General Colin Powell
Many of us may have bought into that war and supported it initially; if not for the message or the so-called 'facts', but for the messenger.
General Colin Powell was selected to present the case to the UN. He did so and convinced most of us that this cause was just.
Powell had allied himself as Defence Secretary with the Neo-Conservative cabal of Pres. George W. Bush. These Neo-Conmen had made an excellent choice. Powell was probably the only man that carried enough weight and trust to deliver the casus bellum to the international community.
However, in doing so the NeoCons also made their single biggest mistake. If it hadn’t been for Colin Powell many of us would never have bought into their lies, nor would we have been able to see through them eventually…
For Powell had crafted the perfect Rubin vase out of the WMD lie. Once the lie surfaced, it exposed the faces of the perpetrators of that war for what they really are: thugs.
The Iraq War caused a paradigmatic switch in the way we look at the role of the US as an international power house, the involvement of our own governments in the war and the role of government at large.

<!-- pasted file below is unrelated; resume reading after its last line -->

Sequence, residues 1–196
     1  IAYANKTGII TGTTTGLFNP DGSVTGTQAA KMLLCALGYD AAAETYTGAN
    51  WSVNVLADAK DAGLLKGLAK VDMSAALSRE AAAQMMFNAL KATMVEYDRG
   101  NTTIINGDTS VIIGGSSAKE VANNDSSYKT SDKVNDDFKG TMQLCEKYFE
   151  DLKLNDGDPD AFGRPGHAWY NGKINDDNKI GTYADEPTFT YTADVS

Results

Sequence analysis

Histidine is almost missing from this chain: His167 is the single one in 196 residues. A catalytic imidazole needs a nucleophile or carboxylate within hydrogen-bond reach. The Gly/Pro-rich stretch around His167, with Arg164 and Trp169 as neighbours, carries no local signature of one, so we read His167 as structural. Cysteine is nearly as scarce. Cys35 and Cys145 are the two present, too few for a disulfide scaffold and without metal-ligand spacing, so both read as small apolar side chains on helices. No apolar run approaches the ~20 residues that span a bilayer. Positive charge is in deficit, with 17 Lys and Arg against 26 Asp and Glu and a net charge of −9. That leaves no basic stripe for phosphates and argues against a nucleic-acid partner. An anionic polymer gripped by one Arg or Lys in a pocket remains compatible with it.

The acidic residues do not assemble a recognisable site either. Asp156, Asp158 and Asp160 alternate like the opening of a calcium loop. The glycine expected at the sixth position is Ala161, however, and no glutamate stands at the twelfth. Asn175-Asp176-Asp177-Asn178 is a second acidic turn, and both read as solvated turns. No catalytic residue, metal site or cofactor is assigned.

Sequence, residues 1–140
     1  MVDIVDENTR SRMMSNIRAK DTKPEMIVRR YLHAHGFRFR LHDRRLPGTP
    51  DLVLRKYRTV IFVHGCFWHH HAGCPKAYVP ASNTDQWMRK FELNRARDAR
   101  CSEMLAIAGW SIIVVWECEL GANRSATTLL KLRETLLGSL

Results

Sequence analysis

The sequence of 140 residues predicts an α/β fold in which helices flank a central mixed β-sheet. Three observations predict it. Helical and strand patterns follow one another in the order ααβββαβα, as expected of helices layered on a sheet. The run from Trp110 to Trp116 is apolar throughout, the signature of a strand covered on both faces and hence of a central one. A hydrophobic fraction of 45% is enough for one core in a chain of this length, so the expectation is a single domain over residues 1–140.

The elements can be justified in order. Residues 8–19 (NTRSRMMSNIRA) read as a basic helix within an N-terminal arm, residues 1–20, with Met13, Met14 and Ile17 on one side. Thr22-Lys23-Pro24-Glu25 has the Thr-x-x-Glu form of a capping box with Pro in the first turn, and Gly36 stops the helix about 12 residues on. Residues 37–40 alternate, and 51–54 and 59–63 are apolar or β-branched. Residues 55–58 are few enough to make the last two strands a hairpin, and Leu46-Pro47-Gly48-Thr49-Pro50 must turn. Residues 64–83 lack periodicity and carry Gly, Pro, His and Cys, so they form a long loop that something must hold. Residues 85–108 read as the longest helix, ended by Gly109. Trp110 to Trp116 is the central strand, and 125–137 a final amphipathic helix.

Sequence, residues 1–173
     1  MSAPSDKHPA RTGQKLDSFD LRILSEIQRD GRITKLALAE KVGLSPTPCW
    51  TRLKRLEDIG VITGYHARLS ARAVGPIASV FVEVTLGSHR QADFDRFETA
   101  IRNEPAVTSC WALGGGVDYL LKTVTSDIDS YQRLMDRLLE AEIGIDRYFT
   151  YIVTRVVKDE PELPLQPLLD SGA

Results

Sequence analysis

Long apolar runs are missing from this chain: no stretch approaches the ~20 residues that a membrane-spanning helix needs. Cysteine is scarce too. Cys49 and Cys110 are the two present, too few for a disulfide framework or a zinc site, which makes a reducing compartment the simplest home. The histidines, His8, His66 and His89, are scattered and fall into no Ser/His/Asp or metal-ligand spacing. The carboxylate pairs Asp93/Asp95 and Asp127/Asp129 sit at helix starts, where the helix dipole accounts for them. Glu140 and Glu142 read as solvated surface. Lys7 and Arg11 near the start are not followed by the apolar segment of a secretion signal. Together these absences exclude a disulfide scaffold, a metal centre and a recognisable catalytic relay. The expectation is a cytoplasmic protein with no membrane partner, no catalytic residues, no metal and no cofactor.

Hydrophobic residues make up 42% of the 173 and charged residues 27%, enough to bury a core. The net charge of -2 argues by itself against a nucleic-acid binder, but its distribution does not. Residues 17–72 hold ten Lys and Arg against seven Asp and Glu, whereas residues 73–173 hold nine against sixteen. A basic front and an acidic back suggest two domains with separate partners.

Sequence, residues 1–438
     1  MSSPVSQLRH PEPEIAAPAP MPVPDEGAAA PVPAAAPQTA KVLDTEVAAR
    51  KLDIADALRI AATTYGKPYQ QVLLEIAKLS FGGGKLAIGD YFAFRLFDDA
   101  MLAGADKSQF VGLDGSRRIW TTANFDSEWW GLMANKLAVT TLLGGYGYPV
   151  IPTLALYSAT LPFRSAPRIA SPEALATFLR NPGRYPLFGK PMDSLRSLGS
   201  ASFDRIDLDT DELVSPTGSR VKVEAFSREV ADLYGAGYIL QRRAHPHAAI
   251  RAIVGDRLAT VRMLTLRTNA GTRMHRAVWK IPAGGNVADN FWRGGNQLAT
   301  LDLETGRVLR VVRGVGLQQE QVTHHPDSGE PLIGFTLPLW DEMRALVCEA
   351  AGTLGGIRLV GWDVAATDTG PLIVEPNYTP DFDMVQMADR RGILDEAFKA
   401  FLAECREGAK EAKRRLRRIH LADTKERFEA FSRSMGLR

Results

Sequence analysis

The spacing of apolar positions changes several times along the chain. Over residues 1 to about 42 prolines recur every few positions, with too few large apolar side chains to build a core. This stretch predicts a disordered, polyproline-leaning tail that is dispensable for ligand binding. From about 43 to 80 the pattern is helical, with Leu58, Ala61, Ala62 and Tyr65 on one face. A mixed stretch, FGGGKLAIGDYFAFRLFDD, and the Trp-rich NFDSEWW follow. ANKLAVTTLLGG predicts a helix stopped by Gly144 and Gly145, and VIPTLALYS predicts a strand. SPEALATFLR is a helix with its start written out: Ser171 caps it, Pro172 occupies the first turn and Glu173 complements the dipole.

Should we be involved overseas if we are still unable to solve many issues domestically?
Paradigm shift: The banking crisis of 2008-2009
The Iraq War was but one event in a chain of disasters that can be traced back to the ending of World War II, emerging in the 70's under US President Nixon and catalysed under the alternating 'conservative' and 'social-democrat' US/UK governments of Ronald Reagan, George Bush sr., Margaret Thatcher, Bill Clinton, Tony Blair and Gordon Brown.
They all can be categorized as Anglo-Saxon implementors of deregulatory strategies, 'free market' ideologies and trickle down economics. Either socialist with a capitalist veneer, or capitalists with a socialist veneer, depending on the perspective. Neo-Liberalism being their common denominator.